Over the years, FireStone Audio has made its name with high quality small form factor desktop headphone amp and DAC. In fact, my very first desktop amp is the company’s Little Country 2 hybrid OTL amp. Recently, they also venture into the world of portable amp. Here we take a look at some of their latest offering, the Fireye HD and Mini, priced at US$399 and US$38 respectively.
Amplifier Structure: Class-AB amplifier
Power Structure: Built-in Li-ion battery power supply
Headphone Impedance: 16 ohm to 600 ohm
Equalization: Built-in bass boost function
High / Low Gain
Circuit Protection: Output short / temperature protection
Duration: Continuous using for more than 8hrs when fully charged
Way of Charge: PC or USB charger
Charging Time: USB : 5 hours, DC Charger : 2.5 Hours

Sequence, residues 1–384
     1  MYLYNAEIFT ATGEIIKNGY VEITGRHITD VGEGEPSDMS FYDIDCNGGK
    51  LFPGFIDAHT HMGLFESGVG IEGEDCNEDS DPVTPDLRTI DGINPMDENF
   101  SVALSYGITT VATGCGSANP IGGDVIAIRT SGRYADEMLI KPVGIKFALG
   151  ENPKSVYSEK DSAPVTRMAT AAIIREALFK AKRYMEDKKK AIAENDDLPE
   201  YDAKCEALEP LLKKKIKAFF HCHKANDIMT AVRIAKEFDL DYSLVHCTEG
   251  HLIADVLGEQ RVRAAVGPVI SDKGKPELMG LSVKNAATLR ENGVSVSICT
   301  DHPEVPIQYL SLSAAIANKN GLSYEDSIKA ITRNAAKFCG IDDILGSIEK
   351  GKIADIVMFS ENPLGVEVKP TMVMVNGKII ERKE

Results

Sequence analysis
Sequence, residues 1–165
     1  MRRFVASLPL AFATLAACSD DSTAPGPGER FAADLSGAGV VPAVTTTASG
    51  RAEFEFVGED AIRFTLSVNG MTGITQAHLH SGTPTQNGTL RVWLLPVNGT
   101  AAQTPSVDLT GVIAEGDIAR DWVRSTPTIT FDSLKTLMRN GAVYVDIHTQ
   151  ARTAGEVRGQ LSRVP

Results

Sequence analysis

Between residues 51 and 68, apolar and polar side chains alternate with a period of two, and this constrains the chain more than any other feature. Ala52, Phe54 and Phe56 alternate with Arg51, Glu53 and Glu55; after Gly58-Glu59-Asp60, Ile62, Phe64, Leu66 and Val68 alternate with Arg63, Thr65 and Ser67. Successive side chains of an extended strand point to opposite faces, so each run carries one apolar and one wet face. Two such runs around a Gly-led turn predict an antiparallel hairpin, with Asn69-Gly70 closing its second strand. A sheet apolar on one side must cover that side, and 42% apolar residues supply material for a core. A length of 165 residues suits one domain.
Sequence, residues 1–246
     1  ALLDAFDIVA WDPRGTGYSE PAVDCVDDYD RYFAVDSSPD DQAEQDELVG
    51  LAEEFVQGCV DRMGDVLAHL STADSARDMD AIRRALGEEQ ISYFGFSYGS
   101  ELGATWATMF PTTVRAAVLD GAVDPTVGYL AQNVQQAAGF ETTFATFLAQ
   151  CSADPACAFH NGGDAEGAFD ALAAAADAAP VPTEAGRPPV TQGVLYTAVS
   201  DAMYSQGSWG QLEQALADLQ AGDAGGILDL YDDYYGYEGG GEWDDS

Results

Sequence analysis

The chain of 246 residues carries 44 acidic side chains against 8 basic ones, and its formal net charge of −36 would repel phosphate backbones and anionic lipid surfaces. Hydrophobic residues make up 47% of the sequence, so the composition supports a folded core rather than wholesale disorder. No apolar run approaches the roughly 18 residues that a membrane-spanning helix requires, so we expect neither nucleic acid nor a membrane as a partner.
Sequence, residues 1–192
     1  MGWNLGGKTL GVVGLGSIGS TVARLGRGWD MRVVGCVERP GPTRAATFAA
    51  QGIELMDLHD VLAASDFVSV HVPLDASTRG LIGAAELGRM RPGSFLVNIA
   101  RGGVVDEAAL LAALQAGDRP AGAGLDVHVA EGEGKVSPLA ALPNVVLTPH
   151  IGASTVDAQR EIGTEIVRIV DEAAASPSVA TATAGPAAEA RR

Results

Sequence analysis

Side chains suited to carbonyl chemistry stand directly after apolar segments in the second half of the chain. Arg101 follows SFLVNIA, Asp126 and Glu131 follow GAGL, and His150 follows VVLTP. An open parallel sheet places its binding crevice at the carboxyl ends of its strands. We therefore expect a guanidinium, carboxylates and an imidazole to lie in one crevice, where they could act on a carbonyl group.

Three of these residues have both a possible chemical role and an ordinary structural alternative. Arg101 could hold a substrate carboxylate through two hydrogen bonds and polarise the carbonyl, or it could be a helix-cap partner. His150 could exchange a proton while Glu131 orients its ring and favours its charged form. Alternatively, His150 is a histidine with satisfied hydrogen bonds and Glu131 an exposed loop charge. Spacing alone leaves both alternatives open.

Main Opamp: TPA6120
Audio Performance (1kHz sine wave, 2Vrms output):-
Frequency Response (From 40Hz to 15kHz): +0.02dB~ -0.14dB
Noise Level (1kHz, A-Weighted): -114.0dB
Dynamic Range (1kHz, A-Weighted): 113.7dB
Stereo Crosstalk: -92.7dB
Amplifier Structure: Class-AB amplifier
Power Structure: Built in battery power supply
Headphone Impedance: 32 ohm to 600 ohm
Circuit Protect: Output short circuit / temperature protect
Usage Time: With 100% full battery around 24hrs, depending on volume used.
Charging Method: Using PC or USB adapter to charge
Charging Time: Fully charging (3hrs), fast charging (1.5hrs = 80%)
Main Opamp: TI - DRV601
Audio Performance (1kHz sine wave, 2Vrms output, 24-bit / 48kHz)
dB-Weighed Frequency Response (From 40Hz to 15kHz) : 40Hz +0.1dB, 15kHz -1.67dB
Actual Frequency Response: 20Hz to 20 kHz
Noise level (1 kHz, A-Weighted): -110.5dB
Dynamic range (1 kHz, A-Weighted): 110.4dB
Stereo Crosstalk: -96.0dB
Housing Material: Shock absorbing flexible silicone
Housing Color: 5 colors available : Red, Black, White, Green, Purple
Dimensions: 40 x 24 x 9 mm (D x W x H).
Weight: 14 gram (without cables)
Accessories and Build Quality